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    $\begingroup$ RESPONDENTS! Before you answer this question, it would be helpful if you reviewed the OP's previous question and its answers. We're already getting some of the same answers here that were given there, which will quickly require this question to be closed as a duplicate. $\endgroup$
    – JBH
    Commented Sep 27, 2022 at 20:32
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    $\begingroup$ Fog, fair warning, asking "Is this good enough?" in increments will likely get those incremental questions closed as duplicates of the first. If this Q devolves into a duplicate of the first Q, my suggestion is to not ask duplicates, but to not present an atmospheric content at all and instead ask, "I want a world where humans can acclimate to the atmosphere at sea level, but upon first arrival must wear oxygen masks. What's the highest oxygen level I can use to do that? My target atmospheric pressure is X." $\endgroup$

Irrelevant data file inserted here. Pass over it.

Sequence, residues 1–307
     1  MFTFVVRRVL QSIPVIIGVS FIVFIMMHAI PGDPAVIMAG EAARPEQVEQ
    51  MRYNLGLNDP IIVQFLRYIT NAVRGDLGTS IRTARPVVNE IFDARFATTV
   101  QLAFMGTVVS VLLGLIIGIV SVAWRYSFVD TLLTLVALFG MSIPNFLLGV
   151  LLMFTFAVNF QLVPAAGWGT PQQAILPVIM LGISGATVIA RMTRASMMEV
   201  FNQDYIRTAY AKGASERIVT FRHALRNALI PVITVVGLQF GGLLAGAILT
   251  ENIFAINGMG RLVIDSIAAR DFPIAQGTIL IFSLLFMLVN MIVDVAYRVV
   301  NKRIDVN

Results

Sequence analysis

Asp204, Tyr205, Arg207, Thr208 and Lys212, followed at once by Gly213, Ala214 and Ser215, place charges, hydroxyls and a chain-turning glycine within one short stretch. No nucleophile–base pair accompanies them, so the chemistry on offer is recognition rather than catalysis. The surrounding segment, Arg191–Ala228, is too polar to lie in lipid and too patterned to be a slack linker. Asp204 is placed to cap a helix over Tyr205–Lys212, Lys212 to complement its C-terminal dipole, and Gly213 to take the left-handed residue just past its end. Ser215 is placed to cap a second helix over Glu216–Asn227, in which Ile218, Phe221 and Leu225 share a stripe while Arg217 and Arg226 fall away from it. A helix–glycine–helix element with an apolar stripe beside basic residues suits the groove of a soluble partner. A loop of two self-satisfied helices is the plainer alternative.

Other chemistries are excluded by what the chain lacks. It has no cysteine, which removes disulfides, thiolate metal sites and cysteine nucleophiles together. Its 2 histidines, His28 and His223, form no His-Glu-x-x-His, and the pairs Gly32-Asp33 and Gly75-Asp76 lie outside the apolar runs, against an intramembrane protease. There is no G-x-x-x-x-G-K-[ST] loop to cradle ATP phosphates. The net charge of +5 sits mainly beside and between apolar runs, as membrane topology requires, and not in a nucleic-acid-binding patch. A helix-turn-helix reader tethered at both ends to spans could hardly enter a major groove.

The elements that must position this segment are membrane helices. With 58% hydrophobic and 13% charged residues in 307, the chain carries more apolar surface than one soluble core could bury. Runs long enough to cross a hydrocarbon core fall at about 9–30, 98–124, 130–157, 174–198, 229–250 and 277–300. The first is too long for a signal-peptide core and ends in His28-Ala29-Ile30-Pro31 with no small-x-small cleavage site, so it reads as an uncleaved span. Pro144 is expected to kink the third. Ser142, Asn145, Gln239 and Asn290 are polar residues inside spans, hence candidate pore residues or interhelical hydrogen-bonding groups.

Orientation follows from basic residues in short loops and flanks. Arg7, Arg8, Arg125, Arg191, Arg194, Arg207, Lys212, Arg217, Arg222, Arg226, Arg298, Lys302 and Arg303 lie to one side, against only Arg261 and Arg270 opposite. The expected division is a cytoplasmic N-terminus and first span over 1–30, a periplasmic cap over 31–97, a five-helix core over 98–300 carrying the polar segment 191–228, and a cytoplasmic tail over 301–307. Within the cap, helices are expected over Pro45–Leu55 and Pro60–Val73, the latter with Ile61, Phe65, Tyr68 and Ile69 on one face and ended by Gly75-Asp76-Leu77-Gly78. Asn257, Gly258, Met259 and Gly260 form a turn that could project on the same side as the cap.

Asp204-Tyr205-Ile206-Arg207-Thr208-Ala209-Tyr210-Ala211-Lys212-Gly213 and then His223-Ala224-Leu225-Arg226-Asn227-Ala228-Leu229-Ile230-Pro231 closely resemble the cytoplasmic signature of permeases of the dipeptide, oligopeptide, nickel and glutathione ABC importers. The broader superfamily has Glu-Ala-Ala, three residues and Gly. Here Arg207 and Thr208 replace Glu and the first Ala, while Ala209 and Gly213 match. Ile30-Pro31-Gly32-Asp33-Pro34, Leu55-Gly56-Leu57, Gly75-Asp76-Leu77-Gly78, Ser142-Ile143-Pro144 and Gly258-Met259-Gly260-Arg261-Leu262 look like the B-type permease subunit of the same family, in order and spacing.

– JBH
    Commented Sep 27, 2022 at 20:37
  • $\begingroup$ @JBH OK makes sense, I can see how this is a duplicate question. I am new to the site so I am still learning the rules. I also mean oxygen supplemental masks. The book is set in the future (2100s) so the mask would be pretty advanced and filter air when necessary as well. $\endgroup$ Commented Sep 28, 2022 at 2:33

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You are about at the limits on lack of oxygen. Earth's sea-level atmosphere has about 0.2 bars of oxygen. Humans in Tibet and South America have adapted over generations to 4000-5000 metres, the lower end of which matches your atmosphere with about 0.12 bars of oxygen. Fit people can acclimatise in a few weeks to Everest southern base camp, which is at 5,364 metres, but unfit or unhealthy people usually cannot. A stable population contains many people who aren't fully fit and healthy, who are going to need supplemental oxygen in your atmosphere.

Also, your planet isn't heavy enough to hang onto helium: it will escape reasonably rapidly on geological timescales, so finding so much in a natural atmosphere is implausible.